Summer promotional opportunities. Sustainability and consumers. Increasing consistent quality. These were a few topics discussed at the first Apple Quality Summit 2021, hosted this past Friday by Hazel Technologies, Inc. In 2020, Mario Cervantes of Hazel Technologies reported the company treated 3.2 billion lbs. of food and prevented more than 270 million lbs. from going to waste with its technologies--the Hazel 100™ 5g bin sachet and Hazel CA technologies, which help protect the quality of the fruit in bins, plus Hazel Datica which monitors cold storage in real time.
In sales industrywide, apples in 2020 were the second largest within fruit dollars--of the approximately $33 billion on fruit sales in 2020, while $7.2 billion went to berries, apples carved out $4 billion--an increase of 1.2 percent in dollars over the year prior. While that dollar increase may seem modest, Anne-Marie Roerink of 210 Analytics and Summit speaker said in pounds, apples moved more significantly. “We moved apples well in pounds --up 6.1 percent but we didn’t keep up with dollars so that points to deflation,” said Roerink.
Speakers at the Summit included Mario Cervantes (left) of Hazel Technologies and Anne-Marie Roerink (right), principal of 201 Analytics. (Center): Hazel Tech's sachet packaging inserts which helps extend the shelf life of produce.
Late 2020 changes
That changed as 2020 went on. “In the fourth quarter of 2020, dollars and volume were up about two percent. From then on out, apple dollar growth outpaces volume growth which means we switched from a deflationary environment to inflationary,” she said.
Meanwhile, organic continues to be a critical distinction for consumers of produce. Organic apple sales make up about 15.5 percent of total apple sales. “Conventional varieties were up about five percent in volume. Organic apples easily outpaced that with a 12 percent dollar growth and a 16 percent volume growth,” said Roerink. “Organic will continue to be a growth area for the apple category.”
Roerink also touched on promotional opportunities for 2021. “We often see apple charts on selecting or storing apples tucked away in a back corner,” she said. “It’s time to bring them out and educate consumers, especially for those different types of using occasions--snacking, baking, etc. And to also introduce people to new varieties as well to help grow sales.”
Snacking is key
Snack occasions continue to be important to consumers and Roerink noted a recent promotion pairing apples and peanut butter as a snack idea. “Baking also went off the charts in the pandemic. Anything relative to baking throughout the year saw a 20 percent increase in sales over a year ago,” she said and encouraging participants to consider baking promotions--such as an apple pie kit paired with fresh apples that was done in the Netherlands--particularly in the months where apple sales are lower. In 2020, apple sales particularly dropped in the third quarter which may mean expanding promotional ideas around summer--think using apples in a fruit salad--as a better fit for that summer season. “It wouldn’t be unlike what berries have done all throughout the year. Consistent sales and consistently being in that number one-selling position, regardless of the time of year, drove berry growth,” Roerink said.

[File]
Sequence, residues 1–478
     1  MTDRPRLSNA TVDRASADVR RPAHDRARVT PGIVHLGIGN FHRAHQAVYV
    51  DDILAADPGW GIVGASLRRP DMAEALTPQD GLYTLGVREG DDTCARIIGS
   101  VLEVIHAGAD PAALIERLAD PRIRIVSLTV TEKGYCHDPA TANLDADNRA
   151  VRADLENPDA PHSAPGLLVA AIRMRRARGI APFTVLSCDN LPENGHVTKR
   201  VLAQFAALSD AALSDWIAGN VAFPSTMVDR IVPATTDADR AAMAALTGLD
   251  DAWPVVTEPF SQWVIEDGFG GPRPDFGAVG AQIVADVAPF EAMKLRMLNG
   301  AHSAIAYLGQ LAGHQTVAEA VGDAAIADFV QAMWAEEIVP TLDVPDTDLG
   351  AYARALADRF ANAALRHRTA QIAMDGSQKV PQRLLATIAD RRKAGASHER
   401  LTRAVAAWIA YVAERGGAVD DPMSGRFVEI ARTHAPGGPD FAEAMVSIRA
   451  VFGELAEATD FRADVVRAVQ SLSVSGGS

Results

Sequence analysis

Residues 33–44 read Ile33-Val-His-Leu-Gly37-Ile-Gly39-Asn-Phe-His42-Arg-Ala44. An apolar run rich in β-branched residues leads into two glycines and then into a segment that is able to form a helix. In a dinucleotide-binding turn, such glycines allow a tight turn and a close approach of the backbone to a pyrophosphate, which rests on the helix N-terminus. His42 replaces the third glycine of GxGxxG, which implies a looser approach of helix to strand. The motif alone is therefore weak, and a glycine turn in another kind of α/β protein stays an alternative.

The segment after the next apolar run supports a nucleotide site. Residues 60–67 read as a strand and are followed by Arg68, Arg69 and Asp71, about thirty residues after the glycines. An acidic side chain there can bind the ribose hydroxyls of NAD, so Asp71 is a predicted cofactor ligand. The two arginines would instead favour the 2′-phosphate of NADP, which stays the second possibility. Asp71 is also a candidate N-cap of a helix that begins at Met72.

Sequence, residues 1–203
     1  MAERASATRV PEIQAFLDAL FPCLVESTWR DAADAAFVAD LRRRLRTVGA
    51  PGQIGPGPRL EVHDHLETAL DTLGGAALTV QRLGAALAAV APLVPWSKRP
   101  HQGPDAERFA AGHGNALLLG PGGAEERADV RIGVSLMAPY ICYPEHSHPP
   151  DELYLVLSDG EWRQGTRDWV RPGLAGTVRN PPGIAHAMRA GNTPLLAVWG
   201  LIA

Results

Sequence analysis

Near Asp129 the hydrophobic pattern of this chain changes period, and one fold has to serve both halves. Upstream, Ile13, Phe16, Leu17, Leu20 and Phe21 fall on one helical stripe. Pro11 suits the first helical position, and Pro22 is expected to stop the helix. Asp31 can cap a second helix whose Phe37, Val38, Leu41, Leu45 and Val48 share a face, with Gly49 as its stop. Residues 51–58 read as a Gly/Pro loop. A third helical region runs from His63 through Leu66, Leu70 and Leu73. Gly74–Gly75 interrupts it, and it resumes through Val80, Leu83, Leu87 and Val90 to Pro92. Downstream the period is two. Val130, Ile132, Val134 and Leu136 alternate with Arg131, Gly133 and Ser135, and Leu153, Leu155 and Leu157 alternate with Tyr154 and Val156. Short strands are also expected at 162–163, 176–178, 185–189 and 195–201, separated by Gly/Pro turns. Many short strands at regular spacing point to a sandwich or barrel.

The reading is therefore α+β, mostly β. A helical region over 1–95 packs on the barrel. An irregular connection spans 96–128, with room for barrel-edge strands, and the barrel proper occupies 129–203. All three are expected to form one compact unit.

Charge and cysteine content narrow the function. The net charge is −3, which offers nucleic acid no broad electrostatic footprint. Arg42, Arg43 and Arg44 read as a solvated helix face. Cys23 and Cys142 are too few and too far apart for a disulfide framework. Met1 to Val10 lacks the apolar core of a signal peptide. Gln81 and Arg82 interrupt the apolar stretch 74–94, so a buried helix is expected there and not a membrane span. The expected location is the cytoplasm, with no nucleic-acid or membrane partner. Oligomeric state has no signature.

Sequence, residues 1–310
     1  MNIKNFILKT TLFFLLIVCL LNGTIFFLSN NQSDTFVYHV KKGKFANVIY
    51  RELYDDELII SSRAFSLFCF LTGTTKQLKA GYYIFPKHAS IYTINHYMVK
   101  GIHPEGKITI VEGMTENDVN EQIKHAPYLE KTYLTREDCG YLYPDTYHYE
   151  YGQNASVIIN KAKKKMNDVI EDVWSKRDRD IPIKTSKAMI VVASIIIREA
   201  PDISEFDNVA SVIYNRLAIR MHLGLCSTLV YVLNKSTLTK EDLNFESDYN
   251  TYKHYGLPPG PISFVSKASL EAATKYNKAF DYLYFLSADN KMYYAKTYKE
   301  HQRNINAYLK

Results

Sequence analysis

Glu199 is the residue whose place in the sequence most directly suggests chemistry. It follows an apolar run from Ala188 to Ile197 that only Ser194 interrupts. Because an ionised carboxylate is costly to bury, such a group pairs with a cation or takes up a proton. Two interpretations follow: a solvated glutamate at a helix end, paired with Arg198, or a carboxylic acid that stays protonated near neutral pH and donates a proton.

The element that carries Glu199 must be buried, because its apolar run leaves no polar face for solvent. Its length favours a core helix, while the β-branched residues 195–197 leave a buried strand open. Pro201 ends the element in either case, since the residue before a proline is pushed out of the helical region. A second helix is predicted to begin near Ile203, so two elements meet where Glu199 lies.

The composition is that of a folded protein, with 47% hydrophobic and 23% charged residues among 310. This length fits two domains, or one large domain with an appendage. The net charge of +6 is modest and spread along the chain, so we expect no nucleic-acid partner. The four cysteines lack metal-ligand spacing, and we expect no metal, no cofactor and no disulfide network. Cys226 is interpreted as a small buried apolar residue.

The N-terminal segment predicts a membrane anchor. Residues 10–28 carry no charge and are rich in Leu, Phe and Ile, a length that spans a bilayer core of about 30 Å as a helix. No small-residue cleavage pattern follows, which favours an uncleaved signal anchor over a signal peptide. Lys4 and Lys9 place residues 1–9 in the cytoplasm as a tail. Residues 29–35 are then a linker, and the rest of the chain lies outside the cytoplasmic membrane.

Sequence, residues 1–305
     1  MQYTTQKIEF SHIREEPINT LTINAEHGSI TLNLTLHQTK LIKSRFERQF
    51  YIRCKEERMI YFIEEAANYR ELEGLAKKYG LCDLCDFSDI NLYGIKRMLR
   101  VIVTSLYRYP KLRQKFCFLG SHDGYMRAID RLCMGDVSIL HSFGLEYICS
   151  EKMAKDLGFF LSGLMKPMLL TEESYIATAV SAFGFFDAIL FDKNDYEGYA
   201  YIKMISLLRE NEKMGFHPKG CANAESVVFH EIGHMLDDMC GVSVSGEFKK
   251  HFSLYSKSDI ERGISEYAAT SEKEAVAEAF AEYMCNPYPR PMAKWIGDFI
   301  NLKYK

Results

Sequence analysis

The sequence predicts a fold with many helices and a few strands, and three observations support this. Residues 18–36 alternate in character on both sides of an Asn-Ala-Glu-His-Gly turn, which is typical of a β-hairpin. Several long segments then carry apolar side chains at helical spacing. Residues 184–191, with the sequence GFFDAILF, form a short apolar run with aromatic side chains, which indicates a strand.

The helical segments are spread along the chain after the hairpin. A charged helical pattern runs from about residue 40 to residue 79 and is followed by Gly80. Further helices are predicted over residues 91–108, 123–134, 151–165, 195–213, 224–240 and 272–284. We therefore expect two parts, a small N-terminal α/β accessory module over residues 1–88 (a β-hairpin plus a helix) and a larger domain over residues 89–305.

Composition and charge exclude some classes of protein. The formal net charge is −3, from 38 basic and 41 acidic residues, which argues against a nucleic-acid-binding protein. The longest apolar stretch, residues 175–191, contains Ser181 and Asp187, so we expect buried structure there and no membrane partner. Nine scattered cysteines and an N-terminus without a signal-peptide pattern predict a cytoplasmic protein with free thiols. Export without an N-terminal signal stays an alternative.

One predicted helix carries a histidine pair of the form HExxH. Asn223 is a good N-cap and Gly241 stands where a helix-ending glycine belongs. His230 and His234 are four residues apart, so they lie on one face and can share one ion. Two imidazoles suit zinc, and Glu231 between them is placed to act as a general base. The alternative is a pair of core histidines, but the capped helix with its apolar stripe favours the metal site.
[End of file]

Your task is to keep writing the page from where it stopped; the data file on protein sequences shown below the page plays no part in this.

Fixed weight versus random weight bags was also addressed. “We see strength in fixed weight. For total produce, that was up 18 percent versus four percent for random weight,” says Roerink. “In fruit that difference was even bigger. So in apples, even if you’re not merchandising the apples as bulk, having those bags is a good idea for people who don’t want their apples touched by others in addition to speed. Shoppers continue to rush through the store so having prepacked apples can help people speed up trips.”
Sustainability also continues to be a key consumer trend. “It continues to drive dollars, especially in produce where consumers are interested in everything waste--package, food, carbon footprint, water used to grow produce, etc.,” says Roerink. “Social responsibility and fair wages will also be a big thing in 2021 and that’s something apples really need to become involved in.”
Left to right: Scott Kee of Sacia Orchards and Leighton Rice of Rice Fruit Farm.
Two growers also participated in the summit and discussed the importance of consistent quality in fruit growing. Scott Kee of Sacia Orchards in Galesville, WI touched on early Honeycrisp varieties. “Honeycrisp is almost a gold standard now and what people gravitate to in the grocery store,” he said. “If I can get an early apple that’s a Honeycrisp into the store before other apples, I think I’ll be able to catch sales.” He says the focus would be on moving those apples out rather than storing them, though he did add that using Hazel Tech’s sachet technology is economical insurance for growers.
While Honeycrisp is clearly a favourite with consumers, Leighton Rice of Rice Fruit Farm in Gardners, PA noted that while Rice also grows the proprietary KIKU apple, they’ve also planted other varieties such as EverCrisp, Ambrosia, Lemonade and a new variety called Wild Twist. Diversification seems to be key for growers. “Honeycrisp is also unpredictable and tough--it’s tough to do it well and to make money for growers and storage operators and packers,” he says. He also adds that customers are catching onto the educational piece around apples. “They’re becoming more sophisticated about varieties and variety names and they’re also becoming more discerning in terms of taste and texture. Customers have favorites now and that quality piece is so essential in making it successful,” Rice said.